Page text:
Heartbleed strikes again… according to respected security consulting firm Mandiant, one of its corporate customers’ SSL VPN appliances was compromised by attackers using the Heartbleed vulnerability. The attackers were able to hijack logged in sessions and thus access the organization’s network. The key to detecting hijacked sessions is to look for log entries which show sessions switching between two different IP addresses at short intervals. Mandiant isn’t telling which vendor’s SSL VPN is vulnerable, but Cisco, Juniper, and the open source OpenVPN project have all issued security advisories related to Heartbleed. Infosec people should be checking for new VPN vendor patches and scanning logs for telltale IP address changes.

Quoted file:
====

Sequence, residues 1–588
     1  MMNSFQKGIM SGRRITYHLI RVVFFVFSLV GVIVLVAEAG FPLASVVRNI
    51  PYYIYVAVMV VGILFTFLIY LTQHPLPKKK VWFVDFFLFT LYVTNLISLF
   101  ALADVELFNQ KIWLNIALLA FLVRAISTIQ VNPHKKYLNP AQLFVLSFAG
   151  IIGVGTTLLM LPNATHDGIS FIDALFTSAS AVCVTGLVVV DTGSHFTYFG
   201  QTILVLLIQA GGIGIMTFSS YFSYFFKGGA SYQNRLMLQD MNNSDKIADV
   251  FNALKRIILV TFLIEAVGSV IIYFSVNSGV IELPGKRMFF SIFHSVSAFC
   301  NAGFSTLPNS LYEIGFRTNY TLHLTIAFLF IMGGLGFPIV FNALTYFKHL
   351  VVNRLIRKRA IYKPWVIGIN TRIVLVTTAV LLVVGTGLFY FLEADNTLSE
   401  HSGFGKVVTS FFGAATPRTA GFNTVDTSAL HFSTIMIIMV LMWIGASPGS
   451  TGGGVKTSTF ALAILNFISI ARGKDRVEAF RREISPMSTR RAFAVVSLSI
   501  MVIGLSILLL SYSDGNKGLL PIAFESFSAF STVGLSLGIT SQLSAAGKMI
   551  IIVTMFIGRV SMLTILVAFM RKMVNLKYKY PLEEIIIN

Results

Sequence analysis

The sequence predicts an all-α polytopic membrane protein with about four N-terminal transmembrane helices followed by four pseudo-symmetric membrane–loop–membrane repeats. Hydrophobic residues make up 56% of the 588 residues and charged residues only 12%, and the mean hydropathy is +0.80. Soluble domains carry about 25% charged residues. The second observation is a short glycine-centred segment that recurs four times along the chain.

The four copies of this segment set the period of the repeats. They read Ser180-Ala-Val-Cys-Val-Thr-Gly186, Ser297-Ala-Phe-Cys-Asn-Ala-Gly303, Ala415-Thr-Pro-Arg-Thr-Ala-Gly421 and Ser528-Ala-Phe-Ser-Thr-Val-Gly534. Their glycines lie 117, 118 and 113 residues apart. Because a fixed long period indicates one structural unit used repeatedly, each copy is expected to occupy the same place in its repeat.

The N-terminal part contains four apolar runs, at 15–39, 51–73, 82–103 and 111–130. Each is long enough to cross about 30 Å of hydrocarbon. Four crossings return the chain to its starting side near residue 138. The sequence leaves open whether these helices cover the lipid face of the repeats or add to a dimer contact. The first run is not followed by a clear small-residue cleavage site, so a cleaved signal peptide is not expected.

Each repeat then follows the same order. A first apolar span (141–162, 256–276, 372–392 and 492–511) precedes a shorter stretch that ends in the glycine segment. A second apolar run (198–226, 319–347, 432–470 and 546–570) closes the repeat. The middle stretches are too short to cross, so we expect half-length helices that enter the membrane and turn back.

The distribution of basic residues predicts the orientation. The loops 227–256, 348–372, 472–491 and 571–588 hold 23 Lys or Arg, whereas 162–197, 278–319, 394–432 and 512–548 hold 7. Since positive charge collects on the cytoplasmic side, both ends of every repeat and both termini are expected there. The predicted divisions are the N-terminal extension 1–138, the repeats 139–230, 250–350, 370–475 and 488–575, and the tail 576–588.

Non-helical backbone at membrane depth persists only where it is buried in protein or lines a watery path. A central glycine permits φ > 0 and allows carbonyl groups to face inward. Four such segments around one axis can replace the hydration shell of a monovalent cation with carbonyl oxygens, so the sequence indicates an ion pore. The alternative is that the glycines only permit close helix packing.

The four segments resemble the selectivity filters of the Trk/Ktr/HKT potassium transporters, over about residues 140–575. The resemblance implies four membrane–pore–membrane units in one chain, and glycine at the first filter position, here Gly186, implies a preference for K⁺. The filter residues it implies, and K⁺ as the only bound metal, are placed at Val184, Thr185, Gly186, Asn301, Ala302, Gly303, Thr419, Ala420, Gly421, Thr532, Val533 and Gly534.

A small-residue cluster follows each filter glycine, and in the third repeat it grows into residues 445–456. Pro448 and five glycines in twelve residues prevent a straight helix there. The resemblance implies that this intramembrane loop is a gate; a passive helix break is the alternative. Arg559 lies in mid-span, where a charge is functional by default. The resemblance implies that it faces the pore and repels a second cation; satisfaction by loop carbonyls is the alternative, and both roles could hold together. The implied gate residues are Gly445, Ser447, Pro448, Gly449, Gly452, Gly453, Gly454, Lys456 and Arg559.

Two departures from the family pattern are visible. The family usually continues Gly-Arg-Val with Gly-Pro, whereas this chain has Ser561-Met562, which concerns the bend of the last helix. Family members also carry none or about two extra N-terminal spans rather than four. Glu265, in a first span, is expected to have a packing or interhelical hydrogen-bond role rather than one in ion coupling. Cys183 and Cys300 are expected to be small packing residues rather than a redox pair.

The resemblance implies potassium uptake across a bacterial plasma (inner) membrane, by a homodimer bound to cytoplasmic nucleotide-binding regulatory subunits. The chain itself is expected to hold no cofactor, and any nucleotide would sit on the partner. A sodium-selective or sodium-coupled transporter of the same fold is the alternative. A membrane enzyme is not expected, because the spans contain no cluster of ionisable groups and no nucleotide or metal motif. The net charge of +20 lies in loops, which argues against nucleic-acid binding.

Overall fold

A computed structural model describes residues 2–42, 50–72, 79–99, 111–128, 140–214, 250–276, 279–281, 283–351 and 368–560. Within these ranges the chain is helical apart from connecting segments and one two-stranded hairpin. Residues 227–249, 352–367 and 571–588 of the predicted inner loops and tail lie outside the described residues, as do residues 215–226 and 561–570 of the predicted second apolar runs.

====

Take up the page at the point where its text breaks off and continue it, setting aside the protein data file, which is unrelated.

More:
If you are using Google Chrome to surf the series of tubes we professionals cal the Interwebs, you need to take action to reduce the risk of getting scammed by compromised SSL certificates. According to this post over at Net craft…
However, most Google Chrome users are left in the dark, as Chrome performs neither type of check for non-EV certificates by default. Instead of conventional revocation checks, Google Chrome relies on an aggregated list of revocations, dubbed CRLSets, which are compiled by Google. The revocations from GlobalSign’s CRL have not yet appeared in Google’s CRLSets and hence Chrome users will not be warned if presented with a potentially compromised, but revoked, CloudFlare certificate.
The CRLSets deliberately do not cover all CRLs in an attempt to reduce the total size of the aggregated list. In effect, Google has traded the completeness of their revocation checking for a speed advantage over rival browsers as downloading CRLs or making OCSP requests imposes a performance penalty.